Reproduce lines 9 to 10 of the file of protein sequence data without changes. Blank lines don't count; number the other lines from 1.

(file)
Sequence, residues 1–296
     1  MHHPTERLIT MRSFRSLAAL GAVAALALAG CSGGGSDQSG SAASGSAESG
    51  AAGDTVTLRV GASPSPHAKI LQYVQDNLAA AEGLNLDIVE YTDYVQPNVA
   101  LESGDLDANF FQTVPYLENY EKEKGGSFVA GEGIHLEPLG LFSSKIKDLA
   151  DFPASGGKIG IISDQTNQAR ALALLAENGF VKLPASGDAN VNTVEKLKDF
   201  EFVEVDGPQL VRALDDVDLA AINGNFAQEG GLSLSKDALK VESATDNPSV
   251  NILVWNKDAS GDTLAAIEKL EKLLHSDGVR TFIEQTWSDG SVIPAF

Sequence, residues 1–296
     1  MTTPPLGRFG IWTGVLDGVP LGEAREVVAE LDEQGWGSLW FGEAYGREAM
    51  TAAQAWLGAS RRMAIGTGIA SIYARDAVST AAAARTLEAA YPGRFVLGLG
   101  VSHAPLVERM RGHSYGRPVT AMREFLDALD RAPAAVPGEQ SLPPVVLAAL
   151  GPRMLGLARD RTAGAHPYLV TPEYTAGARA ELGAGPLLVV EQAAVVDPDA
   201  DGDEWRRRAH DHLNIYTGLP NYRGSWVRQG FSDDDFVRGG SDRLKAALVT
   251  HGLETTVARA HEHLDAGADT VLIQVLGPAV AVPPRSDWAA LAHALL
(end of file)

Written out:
     1  MTTPPLGRFG IWTGVLDGVP LGEAREVVAE LDEQGWGSLW FGEAYGREAM
    51  TAAQAWLGAS RRMAIGTGIA SIYARDAVST AAAARTLEAA YPGRFVLGLG